The clampdown on foreign workers could signal government malaise toward the growing church.

“The more they grow, the more visible they become, the more they’ll attract this reaction,” said the expert. “And that’s why they’ve been so quiet with house groups. It’s just a matter of time.”

Communications Minister Naciri reportedly denied the new, tougher line against non-Muslims was a step backward in terms of religious freedom in Morocco.

“Morocco has always been and remains a land of openness and tolerance,” he told AFP. “The rare cases of expulsion have nothing to do with the practice of Christianity but with acts of proselytism.”

The children have reportedly been placed in a care home.

Contradictory Documents

As a signatory to the International Covenant on Civil and Political Rights, Morocco’s accusations of “proselytization” by foreign aid workers apparently contradict its pledge to allow freedom to manifest one’s faith. Article 18 of the covenant affirms the right to manifest one’s faith in worship, observance, practice or teaching.

The covenant also states, however, that “freedom to manifest one’s religion or beliefs may be subject only to such limitations as are prescribed by law and are necessary to protect public safety, order, health, or morals or the fundamental rights and freedoms of others.”

Previously the North African country had a history of religious tolerance. Morocco’s constitution provides for freedom to practice one’s religion, contradicting Article 220 of the Moroccan Penal Code, which criminalizes any attempt to induce a Muslim to convert to another religion.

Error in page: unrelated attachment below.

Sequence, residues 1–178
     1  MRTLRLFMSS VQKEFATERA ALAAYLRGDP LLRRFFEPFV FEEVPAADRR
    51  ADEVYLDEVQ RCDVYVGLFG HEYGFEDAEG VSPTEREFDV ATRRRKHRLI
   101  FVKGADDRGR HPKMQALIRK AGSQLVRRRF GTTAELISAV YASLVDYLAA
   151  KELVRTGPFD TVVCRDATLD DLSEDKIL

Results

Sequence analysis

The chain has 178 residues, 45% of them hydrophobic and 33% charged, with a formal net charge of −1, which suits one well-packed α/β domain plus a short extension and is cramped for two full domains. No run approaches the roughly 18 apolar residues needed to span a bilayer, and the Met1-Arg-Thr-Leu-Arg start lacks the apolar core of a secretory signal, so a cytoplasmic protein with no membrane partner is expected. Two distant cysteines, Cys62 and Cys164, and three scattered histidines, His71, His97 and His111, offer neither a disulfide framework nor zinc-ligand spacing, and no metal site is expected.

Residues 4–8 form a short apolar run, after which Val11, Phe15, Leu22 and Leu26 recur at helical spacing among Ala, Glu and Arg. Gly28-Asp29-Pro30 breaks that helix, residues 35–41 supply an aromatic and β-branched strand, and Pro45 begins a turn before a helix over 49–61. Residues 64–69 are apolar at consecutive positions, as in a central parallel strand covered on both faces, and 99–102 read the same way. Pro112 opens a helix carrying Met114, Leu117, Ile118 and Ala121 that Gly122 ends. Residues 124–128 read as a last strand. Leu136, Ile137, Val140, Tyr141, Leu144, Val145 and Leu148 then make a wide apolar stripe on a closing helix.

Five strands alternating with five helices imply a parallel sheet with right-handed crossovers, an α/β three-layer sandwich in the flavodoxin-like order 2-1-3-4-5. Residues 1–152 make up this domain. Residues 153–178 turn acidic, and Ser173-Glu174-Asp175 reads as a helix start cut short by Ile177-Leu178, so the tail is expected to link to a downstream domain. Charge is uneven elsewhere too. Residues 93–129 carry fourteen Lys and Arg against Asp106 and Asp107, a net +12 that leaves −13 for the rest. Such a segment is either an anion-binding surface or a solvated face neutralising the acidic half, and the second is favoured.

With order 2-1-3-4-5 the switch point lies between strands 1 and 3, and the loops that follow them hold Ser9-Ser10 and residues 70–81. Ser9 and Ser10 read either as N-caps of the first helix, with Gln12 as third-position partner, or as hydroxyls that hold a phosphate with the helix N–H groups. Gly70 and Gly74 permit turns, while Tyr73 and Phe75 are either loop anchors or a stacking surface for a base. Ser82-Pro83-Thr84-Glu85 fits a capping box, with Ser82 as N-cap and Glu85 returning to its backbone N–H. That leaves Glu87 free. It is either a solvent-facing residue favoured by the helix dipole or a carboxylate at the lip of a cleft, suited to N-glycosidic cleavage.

In its 2009 international religious freedom report, the U.S. Department of State noted that on April 2, 2009, a Moroccan government spokesman asserted that freedom of religion does not include freedom to choose one’s faith.

“The fight against Christian proselytizing in accordance with law cannot be considered among human rights abuses,” the Moroccan government spokesman said, “for it is an action aimed at preventing attempts to undermine the country’s immutable religious values. The freedom of belief does not mean conversion to another religion.”

The crackdown this month appears unprecedented, with only smaller groups previously deported. In March 2009, Moroccan authorities expelled five foreign female Christians for trying to “proselytize” although sources said they were foreign visitors merely attending a Bible study with fellow Christians. In November 2009, police raided a Christian meeting in northern Morocco and expelled five foreigners.